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Attorney smuggled heroin into jail in greeting card, D.A. says

April 11, 2013|By Andrew Blankstein
  • A sheriff's deputy locks down inmates in a cellblock at the North County Correctional Facility at the Pitchess Dentention Center in Castaic in 2006.
A sheriff's deputy locks down inmates in a cellblock at the North County… (Brian van der Brug / Los Angeles…)

Prosecutors charged an attorney with half a dozen felony counts for allegedly trying to smuggle heroin into an L.A. County jail inside a greeting card.

Stephen Beecher, 61, who was arrested April 9, faces counts including conspiracy, bringing drugs into jail, transportation of a controlled substance and bringing a firearm into a jail, said Jane Robison, a spokeswoman for the Los Angeles County district attorney's office.

The Sherman Oaks resident was released on bail Thursday and scheduled to be arraigned May 1 in a downtown courtroom.

Prosecutors also charged Beecher's client Jesus Antonio Duenas, 20, who is in custody on an attempted murder case, with two counts of conspiracy. He has pleaded not guilty.

Jessica Paredes, 19, Duenas' girlfriend, also pleaded not guilty Wednesday to two criminal conspiracy counts.

If convicted, Beecher faces 11 years in state prison. Duenas and Paredes are facing nine years each in state prison.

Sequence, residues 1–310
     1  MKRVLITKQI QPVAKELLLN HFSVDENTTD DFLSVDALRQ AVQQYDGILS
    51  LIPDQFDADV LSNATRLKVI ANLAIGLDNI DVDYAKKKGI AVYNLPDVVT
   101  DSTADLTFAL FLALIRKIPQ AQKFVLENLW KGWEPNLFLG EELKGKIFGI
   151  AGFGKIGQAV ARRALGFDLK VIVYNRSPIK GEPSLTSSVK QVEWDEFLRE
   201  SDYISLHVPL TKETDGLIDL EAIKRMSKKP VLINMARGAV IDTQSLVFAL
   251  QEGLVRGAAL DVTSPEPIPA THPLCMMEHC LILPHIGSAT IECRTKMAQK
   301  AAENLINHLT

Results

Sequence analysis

In the criminal complaint, prosecutors allege Beecher told Duenas he would visit the North County Correctional Facility in Castaic on Dec. 28.

The drugs were intended for Duenas and for “the Southside,” a criminal enterprise within the L.A. County jail system that controls drugs and other illegal activity inside jails, prosecutors said.

Duenas' girlfriend “ironed and flattened” packages of heroin to fit inside a greeting card envelope and then gave Beecher the greeting card containing 36.09 grams of heroin, the complaint said.

The attorney was arrested on Dec. 28 in the visiting area of the North County jail with two packages of heroin worth more than $30,000, the complaint alleges.

Smuggling contraband into the jails can take many forms.

In January 2012, a former Los Angeles County sheriff's deputy was sentenced to two years in jail after authorities said he tried to smuggle heroin, stuffed inside a burrito, into a courthouse jail.

Henry Marin, who worked at the LAX courthouse and was once featured on a reality television show focusing on prospective sheriff's recruits, was caught in a sting set up by a sheriff's task force that aims to combat smuggling by corrupt deputies and other sheriff's employees who have helped fuel a lucrative drug trade behind bars.

Authorities said Marin accepted a bean-and-cheese burrito with 24 grams of black tar heroin for an inmate at the Los Angeles Airport courthouse, where Marin worked.

Marin later told investigators he intended to give the burrito to the inmate after checking the package and did not know there were drugs in it.

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andrew.blankstein@latimes.com

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